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Lowell Stories: Women's History

Helen Hanson Robinson (1825 – 1911)

Harriet Jane Hanson Robinson, frontispiece, Loom and Spindle, 1888, Boston Public Library.

Ratified August 16, 1920, Signed August 26, 1920

Harriet Hanson was born in Malden, Massachusetts the daughter of William Hanson and Harriett Browne. Hanson and her sisters arrived in Lowell in the early 1830s, when her widowed mother obtained a job as a Boardinghouse Keeper for the Tremont Mills. Harriet Hanson married William Stephenson Robinson in 1848. Harriet Hanson's autobiography,  Loom and Spindle (1898), portrayed the textile industrial City of Lowell in her childhood and youth as a time of great opportunity for young women from New England, who learned the discipline of labor, explored a wide of range of educational offerings, and gained broader ideas about the world from their experiences. The book continues to be read and used in history classes more than 120 years after it was published. 

From the Wikipedia

"Harriet Hanson Robinson and her daughter Harriet Lucy Robinson Shattuck organized the National Woman Suffrage Association of Massachusetts (NWSA) associated with Susan B, Anthony’s organization, and Harriet Robinson made the opening address at the 1881 Boston Convention of the organization. They also helped Julia Ward Howe to organize the New England Women’s Club.  Harriet Robinson corresponded extensively with the suffrage movement leaders Elizabeth Cady Stanton  and Susan B. Anthony.  When the National Woman Suffrage Association opened May 26, 1881 at the Tremont Temple in Boston, Harriet Robinson welcomed the delegates and guests. At this session she offered the following resolution: ‘Whereas, We believe that it is not safe to trust the great question of woman's political rights solely to the legislature, or to the voters of the state, therefore Resolved, That it is the duty of the women of Massachusetts to organize an active work, to secure suffrage’ Harriet Robinson wrote enthusiastically in 1881.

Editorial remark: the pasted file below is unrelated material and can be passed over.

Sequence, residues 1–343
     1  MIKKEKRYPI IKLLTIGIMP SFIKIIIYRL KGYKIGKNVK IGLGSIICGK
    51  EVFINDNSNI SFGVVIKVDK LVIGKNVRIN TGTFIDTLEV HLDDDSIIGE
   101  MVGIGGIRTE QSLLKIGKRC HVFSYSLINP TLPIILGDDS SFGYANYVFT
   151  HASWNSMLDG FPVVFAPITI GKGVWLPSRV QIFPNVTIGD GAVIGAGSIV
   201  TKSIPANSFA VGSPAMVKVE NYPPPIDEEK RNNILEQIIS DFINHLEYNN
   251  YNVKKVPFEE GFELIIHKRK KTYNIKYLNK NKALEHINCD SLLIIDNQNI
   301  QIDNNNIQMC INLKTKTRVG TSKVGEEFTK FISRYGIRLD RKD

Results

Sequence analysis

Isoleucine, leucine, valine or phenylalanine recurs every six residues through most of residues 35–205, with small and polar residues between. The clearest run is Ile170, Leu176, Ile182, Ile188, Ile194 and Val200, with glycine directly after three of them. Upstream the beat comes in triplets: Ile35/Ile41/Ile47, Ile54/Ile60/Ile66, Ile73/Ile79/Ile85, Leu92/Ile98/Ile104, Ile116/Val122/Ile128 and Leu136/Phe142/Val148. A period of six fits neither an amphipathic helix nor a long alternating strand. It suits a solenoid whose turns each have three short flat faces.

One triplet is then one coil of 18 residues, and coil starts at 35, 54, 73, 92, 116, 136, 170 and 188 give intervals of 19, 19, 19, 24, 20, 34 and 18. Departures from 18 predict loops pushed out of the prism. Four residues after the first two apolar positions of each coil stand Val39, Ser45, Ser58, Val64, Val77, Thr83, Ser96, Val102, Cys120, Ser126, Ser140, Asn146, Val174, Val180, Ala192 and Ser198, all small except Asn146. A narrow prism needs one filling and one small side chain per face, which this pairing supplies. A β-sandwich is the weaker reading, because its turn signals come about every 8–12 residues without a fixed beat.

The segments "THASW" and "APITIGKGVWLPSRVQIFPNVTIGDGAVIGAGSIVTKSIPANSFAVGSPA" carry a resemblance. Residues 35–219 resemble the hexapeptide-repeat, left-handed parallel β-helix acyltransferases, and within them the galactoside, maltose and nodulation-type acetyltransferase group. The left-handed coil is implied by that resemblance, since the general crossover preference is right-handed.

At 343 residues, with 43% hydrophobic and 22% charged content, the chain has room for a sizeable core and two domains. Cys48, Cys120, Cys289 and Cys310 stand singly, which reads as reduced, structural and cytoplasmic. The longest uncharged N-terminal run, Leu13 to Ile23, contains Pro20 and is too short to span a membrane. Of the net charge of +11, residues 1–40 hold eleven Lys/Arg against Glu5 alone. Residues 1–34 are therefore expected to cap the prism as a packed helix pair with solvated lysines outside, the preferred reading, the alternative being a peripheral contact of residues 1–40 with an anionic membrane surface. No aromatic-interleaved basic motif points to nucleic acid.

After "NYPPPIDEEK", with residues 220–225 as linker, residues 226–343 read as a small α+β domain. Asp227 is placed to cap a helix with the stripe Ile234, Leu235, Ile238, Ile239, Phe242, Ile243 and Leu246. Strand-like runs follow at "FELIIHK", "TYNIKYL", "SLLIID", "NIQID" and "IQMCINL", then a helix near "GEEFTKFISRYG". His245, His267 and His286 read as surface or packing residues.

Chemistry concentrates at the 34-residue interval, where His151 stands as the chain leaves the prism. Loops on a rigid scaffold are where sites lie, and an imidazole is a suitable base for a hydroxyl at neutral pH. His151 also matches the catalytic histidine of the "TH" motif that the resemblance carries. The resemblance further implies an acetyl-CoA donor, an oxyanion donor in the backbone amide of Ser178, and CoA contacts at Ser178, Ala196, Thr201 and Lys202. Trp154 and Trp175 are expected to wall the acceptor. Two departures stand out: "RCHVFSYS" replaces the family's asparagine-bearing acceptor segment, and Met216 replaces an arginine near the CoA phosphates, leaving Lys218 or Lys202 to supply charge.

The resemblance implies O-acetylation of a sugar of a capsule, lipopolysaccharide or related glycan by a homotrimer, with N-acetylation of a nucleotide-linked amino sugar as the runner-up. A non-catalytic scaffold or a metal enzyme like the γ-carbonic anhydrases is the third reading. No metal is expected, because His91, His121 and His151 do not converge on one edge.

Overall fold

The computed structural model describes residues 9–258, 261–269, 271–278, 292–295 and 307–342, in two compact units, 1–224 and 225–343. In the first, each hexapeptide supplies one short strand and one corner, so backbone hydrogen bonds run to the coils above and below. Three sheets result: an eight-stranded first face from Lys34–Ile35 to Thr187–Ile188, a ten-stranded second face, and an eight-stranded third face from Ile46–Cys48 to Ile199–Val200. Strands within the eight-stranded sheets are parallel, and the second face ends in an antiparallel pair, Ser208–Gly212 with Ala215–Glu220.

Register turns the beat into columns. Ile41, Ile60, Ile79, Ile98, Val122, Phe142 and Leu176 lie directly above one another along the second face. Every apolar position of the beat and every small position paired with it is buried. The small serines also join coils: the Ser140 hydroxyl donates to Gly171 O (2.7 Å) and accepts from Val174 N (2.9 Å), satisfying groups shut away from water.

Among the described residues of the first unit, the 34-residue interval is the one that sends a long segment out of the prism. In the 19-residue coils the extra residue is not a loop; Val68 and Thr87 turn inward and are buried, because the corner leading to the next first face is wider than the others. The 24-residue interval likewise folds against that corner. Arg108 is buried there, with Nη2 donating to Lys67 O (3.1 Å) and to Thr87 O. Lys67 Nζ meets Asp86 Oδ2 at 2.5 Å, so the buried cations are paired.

Never, in the history of civilization, has woman held the political, legal or social position that she does in Massachusetts today! New avenues of employment for her capacity are constantly being opened, and in every department of public trust to which she has been promoted, she has shown her ability. In this first hour of woman's triumph, it only remains for her to keep what she has gained and use faithfully the new privileges which have come into her life.... Trained leaders are needed—women strong of purpose, who are willing to confront the public as presiding officers, or as public speakers, and to guide wisely the large masses of their sex who have not yet learned to think for themselves..."

Robinson was a formidable advocate of suffrage in her writings and as a public speaker died at her home in Malden, Massachusetts in 1911.  

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